The Indian Union cabinet has approved the new civil aviation policy (NCAP). The press release from the Press Information Bureau (PIB) says it all. While the NCAP is definitely a step in the right direction, we will be sharing our analysis in the days to come after we glean the details.
For now, Vistara, the joint venture of Tatas and Singapore Airlines, and AirAsia India, the joint venture of the Tatas and AirAsia, are benefited by the removal of the five year requirement to fly international. The requirement of a minimum fleet of 20 aircraft remains, ostensibly to keep the incumbents happy. The ball is in the court of these two airlines on how they ramp up to take advantage.
The proposed “open skies” for airports 5,000km and above from New Delhi will open up most of Europe, Japan, Australia, New Zealand, and all of the Americas, providing those countries offer an Open Skies policy to India.
While the Rs 2,500 cap on flights up to one hour will provide great impetus to regional connectivity, it is still another case of government forcing a socialist nanny-state agenda on to private enterprise. The free market is the best way to determine efficient prices. The central government must get compensatory buy-in from the regional destinations and their respective state governments, not just foisting the compensation on the backs of already over-taxed air passengers.
Press release by the PIB on NCAP
The Union Cabinet chaired by the Prime Minister Shri Narendra Modi has given its approval for the Civil Aviation Policy. This is the first time since Independence that an integrated Civil Aviation Policy has been brought out by the Ministry of Civil Aviation.
The Policy aims at:
- India to become 3rd largest civil aviation market by 2022 from 9th
- Domestic ticketing to grow from 8 crore in 2015 to 30 crore by 2022
- Airports having scheduled commercial flights to increase from 77 in 2016 to 127 by 2019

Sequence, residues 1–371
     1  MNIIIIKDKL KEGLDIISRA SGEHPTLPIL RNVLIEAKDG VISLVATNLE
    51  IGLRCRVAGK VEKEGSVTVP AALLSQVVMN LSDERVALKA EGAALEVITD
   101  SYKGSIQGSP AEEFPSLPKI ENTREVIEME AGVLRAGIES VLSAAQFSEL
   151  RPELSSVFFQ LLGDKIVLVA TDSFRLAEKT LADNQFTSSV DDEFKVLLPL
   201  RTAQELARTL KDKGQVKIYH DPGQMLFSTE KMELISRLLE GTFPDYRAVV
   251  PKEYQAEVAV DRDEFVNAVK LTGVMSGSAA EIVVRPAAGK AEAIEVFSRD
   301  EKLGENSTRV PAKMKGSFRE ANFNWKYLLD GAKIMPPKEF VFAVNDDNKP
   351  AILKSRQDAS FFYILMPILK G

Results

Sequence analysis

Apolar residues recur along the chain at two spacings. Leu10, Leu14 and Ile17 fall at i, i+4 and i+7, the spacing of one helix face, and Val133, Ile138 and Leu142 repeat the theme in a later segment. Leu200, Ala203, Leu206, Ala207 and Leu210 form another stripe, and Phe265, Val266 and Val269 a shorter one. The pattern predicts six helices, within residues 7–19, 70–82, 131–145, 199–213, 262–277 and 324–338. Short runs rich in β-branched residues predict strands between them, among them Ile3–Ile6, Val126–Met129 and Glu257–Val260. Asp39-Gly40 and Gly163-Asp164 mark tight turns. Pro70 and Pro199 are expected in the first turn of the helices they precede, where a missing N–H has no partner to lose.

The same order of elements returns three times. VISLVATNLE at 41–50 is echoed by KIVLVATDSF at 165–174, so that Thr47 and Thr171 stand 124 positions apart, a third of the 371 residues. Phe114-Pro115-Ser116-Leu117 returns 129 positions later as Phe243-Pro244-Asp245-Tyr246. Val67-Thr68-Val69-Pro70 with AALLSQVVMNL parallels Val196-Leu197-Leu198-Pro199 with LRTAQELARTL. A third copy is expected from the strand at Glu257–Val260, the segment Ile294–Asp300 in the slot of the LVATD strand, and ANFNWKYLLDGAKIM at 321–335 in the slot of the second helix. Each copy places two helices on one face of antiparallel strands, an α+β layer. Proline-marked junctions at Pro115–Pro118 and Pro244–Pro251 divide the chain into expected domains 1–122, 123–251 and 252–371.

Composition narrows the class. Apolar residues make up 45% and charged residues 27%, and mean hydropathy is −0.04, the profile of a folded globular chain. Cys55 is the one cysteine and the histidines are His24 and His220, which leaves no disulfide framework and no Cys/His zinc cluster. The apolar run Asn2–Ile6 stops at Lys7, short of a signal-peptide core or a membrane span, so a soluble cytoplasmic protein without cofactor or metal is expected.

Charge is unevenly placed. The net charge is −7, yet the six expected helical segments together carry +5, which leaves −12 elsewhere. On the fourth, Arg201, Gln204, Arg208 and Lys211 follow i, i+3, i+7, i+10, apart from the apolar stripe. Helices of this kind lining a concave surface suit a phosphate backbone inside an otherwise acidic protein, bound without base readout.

- Cargo volumes to increase by 4 times to 10 million tonnes by 2027
- Taking flying to masses – Enabling Indians to fly at Rs. 2,500 per hour under Regional Connectivity Scheme at unserved airports
- Requirement of 5 years of domestic flying for starting international operations removed
- Flexible and liberalized ‘open skies’ and ‘code share’ agreements
- Incentives to MRO sector to develop as hub for South Asia
- Ensuring availability of quality certified 3.3 lakh skilled personnel by 2025
- Development of green-field airports and heliports
- Enhancing ease of doing business through deregulation, simplified procedures and e-governance
- Promoting ‘Make In India’ in Civil Aviation Sector
Areas covered in the Policy:
- Regional connectivity
- Air Transport Operations
- Route Dispersal Guidelines
- 5/20 Requirement for International Operations
- Bilateral traffic rights
- Code-share agreements
- Fiscal Support
- Airports developed by State Govt, Private sector or in PPP mode
- Airports Authority of India
- Air Navigation Services
- Aviation security, Immigration and Customs
- Maintenance, Repair and Overhaul
- Ground handling
- Aeronautical ‘Make in India’
- Aviation education and skill development
- Sustainable aviation
- Essential Services Maintenance Act, 1968
Salient features of the Policy
- The Viability Gap Funding (VGF) will be funded by a small levy per departure on all domestic routes other than Cat II/ Cat IIA routes, RCS routes and small aircraft at a rate as decided by the Ministry from time to time. A detailed scheme will be put up in the Public domain for stakeholders consultations.
- The 5/20 rule for commencement of international flight in operation since 2004 is replaced by a formulation which provides a level playing field and allows airlines, both new and old, to commence international operations provided they continue to meet some obligation for domestic operation. All airlines can commence international operations provided they deploy 20 aircraft or 20% of total capacity (in term of average number of seats on all departures put together), whichever is higher, for domestic operations.